Derrida, Rushdie and the Ethics of Mortality
Jacques Derrida’s The Gift of Death offers both a distinctive moment in the genealogy of his thought on responsibility, and a potential groundwork for a postmodern ethics of mortality. The exact nature of the allegiance between Derrida and postmodernism has always been a hazy connection; one which tends to be resolved in an acceptance of their de facto relationship within contemporary theoretical discourse. I shall claim that a more definite link can be made between Derrida and postmodern fiction in the ethical preoccupation with mortality. This focus, however, manifests some distinct problems for the plurality and play central to the postmodern theoretical canon. For postmodern writing and Derridean deconstruction lead us not to the recognition of irreducible alterity or unending difference, but instead produce a distinctly metaphysical and rather questionable attempt to generate an ethics on the basis of our own inevitable death.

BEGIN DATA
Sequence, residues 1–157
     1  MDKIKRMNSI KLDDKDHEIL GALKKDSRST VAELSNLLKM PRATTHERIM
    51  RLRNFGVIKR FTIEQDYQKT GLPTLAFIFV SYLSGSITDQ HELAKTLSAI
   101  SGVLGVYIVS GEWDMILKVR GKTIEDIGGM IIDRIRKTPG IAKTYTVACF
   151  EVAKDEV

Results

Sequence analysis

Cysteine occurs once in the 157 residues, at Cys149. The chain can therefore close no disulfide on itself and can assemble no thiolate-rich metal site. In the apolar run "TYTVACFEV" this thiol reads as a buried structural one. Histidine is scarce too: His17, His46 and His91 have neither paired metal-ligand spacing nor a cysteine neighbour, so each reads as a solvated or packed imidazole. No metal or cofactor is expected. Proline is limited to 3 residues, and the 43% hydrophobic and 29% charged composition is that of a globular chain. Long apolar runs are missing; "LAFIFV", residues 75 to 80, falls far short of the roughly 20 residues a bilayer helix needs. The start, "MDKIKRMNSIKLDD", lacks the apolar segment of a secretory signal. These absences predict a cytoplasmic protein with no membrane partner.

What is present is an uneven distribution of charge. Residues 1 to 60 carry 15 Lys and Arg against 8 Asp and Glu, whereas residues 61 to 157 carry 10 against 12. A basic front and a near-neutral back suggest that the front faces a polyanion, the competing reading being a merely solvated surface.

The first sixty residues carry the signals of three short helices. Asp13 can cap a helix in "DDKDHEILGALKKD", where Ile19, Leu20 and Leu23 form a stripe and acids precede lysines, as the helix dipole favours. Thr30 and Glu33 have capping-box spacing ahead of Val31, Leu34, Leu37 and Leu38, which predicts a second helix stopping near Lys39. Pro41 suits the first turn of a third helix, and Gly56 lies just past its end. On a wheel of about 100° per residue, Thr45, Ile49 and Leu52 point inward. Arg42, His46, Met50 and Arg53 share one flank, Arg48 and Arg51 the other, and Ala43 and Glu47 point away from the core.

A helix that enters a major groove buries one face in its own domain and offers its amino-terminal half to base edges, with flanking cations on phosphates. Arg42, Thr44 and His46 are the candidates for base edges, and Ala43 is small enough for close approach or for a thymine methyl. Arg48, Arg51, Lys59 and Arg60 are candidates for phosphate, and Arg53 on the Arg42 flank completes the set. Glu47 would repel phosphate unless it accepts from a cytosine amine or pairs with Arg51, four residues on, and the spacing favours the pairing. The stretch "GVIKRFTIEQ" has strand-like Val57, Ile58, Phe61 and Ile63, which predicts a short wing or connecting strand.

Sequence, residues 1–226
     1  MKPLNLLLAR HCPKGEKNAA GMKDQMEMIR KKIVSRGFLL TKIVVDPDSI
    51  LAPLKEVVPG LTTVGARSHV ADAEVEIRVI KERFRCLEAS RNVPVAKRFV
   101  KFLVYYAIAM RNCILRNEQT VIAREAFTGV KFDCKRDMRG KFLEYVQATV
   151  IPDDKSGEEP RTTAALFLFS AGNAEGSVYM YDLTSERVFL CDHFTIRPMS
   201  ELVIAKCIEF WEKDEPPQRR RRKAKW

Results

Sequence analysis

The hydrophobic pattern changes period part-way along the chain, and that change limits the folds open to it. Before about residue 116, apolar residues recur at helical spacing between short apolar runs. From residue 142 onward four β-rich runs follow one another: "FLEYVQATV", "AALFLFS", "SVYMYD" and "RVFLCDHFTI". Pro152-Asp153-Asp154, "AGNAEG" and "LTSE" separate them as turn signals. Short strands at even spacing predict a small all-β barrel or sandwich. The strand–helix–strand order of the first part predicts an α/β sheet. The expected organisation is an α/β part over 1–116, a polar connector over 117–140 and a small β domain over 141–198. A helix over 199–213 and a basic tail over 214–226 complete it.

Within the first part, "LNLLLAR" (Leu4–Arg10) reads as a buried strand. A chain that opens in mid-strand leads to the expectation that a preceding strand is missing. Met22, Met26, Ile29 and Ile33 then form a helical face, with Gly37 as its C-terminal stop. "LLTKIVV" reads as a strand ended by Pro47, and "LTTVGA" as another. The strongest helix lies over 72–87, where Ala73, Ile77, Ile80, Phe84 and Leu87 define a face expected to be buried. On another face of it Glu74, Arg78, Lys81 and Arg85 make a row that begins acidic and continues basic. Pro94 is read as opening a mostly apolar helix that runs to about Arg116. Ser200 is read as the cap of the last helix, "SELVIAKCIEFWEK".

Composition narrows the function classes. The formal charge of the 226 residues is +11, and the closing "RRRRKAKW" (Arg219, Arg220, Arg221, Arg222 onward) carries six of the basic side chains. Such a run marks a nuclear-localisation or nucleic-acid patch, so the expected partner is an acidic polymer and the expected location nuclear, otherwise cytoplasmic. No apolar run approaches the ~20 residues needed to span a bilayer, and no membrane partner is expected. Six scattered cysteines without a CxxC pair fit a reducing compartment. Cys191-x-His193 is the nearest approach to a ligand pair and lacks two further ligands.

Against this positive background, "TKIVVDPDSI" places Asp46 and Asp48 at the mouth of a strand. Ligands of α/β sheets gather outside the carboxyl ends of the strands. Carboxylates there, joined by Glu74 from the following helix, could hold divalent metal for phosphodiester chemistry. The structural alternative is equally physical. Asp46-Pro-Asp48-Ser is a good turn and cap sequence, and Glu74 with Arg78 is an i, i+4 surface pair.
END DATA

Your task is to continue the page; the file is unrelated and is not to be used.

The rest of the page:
KeywordsEthical Demand Inevitable Death Ethical Strategy Distinctive Moment Possessive Relation
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